• "The Most Holy Virgin, having broken the bonds of the bareness of Ann, has come forth to men, bestowing remission (of sins)."
  • "... Today is born of the seed of David the Mother of Life, who destroys the darkness. She is the restoration of Adam and the recalling of Eve, the fountain of incorruption and the release from corruption; through Her we have been made godlike and delivered from death."
  • "Thou hast renewed our nature by Thy Child-bearing, O Mary. Thou hast released Eve from the ancestral curse... Thou has delivered mankind from the ancestral condemnation."
  • "Thou art our deliverer from the sharp punishments of old, the restoration of our mother Eve, the cause of the reconciliation of our kind to God, the bridge that leads us to the Maker; Thee, then O Theotókos, do we magnify."
  • "She (the Theotókos) is the salvation of the world, the Holy Place of God We cry out to Thee... Raise up the Christian horn and save our souls... You are the only hope we have."
  • "We know Thee, O Pure One, that Thou art the Holy Tabernacle, and the Ark, and the Law of grace: for through Thee was redemption given unto those who are justified by the Blood of Him Who was made flesh through Thy womb, O All-undefiled One."
  • "My sins are without number, O Theotókos, so to You I come for salvation, O purest Lady!"
  • "Through You, O Ever-Virgin Theotókos, we share in the divine nature."
  • "Ineffably Thou didst bear God in the flesh for us, and by Thy Childbirth didst Thou redeem our mortal nature from that corruption in which it had grown old."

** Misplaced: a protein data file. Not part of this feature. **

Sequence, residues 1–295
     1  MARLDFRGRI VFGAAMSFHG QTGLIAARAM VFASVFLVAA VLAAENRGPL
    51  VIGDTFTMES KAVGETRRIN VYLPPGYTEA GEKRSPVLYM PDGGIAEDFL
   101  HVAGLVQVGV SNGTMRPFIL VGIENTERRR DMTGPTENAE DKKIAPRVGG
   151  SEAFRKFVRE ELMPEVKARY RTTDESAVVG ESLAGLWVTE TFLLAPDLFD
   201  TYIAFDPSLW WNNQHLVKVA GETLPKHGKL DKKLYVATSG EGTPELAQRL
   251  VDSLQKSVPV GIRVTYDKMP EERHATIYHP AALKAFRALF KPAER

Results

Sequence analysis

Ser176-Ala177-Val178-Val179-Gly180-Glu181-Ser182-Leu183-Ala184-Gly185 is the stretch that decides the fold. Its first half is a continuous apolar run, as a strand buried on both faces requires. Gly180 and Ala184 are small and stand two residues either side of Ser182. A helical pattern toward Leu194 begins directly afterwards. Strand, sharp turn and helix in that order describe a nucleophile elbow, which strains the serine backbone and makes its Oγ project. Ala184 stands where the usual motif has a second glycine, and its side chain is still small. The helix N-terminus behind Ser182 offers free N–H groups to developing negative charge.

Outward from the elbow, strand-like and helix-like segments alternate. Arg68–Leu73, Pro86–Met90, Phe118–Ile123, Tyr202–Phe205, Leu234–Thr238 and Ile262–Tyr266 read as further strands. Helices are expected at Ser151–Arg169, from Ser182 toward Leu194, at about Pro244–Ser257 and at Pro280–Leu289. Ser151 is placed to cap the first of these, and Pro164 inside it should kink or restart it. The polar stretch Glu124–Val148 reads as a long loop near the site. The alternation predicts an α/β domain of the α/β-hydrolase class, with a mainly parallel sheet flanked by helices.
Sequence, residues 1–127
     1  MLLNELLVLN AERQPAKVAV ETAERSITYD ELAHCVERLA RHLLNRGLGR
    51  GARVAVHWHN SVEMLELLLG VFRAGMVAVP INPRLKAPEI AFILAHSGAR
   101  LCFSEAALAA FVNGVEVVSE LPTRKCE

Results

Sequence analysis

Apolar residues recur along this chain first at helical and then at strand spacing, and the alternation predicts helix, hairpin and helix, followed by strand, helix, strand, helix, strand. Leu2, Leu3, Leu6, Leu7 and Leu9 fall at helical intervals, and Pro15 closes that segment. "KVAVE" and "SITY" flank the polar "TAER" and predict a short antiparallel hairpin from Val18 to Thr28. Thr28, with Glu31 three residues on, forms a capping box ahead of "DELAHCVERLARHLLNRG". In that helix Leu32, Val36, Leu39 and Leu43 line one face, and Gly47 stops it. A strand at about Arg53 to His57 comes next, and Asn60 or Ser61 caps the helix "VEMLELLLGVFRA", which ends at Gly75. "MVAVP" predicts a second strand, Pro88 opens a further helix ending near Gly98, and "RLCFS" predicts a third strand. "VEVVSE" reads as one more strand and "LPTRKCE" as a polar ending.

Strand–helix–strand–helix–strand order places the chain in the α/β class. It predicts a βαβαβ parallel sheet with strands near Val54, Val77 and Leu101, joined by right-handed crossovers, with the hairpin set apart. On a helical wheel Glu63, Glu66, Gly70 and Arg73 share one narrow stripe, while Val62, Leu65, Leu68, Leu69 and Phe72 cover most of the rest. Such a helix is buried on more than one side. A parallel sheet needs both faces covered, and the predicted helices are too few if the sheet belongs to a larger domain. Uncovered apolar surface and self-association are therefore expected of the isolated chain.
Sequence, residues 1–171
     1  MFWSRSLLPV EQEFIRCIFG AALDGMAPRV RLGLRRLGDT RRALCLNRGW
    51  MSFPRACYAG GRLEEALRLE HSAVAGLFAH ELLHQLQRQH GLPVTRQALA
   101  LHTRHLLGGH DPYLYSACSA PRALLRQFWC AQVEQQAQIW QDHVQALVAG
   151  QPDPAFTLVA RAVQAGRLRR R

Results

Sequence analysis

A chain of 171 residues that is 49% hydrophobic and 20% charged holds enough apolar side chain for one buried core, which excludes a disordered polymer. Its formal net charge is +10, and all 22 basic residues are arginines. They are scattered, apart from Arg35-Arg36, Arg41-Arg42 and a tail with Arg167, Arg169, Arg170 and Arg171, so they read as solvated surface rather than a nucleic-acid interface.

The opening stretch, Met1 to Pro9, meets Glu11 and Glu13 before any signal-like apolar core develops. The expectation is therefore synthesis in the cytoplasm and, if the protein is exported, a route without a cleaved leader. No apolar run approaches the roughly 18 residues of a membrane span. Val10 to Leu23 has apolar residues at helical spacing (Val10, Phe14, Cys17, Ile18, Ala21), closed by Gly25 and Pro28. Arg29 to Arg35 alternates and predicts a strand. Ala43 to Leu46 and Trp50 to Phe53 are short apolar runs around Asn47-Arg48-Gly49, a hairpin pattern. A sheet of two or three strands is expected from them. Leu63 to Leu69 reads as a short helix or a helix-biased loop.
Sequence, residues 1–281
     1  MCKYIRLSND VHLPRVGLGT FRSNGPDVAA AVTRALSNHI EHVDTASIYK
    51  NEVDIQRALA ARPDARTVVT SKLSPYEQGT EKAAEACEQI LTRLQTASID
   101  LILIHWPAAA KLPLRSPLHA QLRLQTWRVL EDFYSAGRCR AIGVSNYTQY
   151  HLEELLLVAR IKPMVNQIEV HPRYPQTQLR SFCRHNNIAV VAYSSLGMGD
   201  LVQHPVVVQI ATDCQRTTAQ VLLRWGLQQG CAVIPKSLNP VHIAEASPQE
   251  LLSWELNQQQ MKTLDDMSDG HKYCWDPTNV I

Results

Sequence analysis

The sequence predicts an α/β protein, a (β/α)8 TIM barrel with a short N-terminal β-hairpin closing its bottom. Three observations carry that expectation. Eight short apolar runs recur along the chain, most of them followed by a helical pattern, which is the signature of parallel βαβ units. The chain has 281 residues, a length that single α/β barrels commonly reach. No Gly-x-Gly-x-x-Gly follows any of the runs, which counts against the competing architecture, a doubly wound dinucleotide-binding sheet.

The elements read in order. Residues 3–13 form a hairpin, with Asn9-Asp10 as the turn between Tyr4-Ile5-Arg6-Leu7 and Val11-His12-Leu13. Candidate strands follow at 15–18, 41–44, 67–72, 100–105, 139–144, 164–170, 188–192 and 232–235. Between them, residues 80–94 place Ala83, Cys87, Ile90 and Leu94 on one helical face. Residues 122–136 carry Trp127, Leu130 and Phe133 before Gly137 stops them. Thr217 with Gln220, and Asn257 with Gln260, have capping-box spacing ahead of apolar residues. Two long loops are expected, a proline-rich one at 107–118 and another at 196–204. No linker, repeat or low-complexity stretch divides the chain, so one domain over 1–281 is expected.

It is apparent from these and previous brief excerpts of praise from Byzantine liturgical feasts and offices that not only was the Ever-Virgin Theotókos strongly indicated as "Full of Grace" from the beginning of Her existence (thereby initiating the Holy Trinity's "new creation" of humanity) but that She was also considered to have been in intimate solidarity with Her Divine Son in carrying out the very Redemption of mankind. With Christ the Second Adam, Mary the Second Eve was associated with and actively cooperated with Her Divine Son in His work of salvation of the human race – in the measure He had willed it. United to Him and with Him, the Theotókos through Her constant love and compassion (especially at Calvary) was especially involved in the mysteries of Christ and merited for us grace thereby assisting in the salvation of mankind. The title "Coredemptrix" may not be mentioned in Vatican II's magnificent Lumen Gentium, the document on the Church and Mary, but its meaning is certainly found in article 56: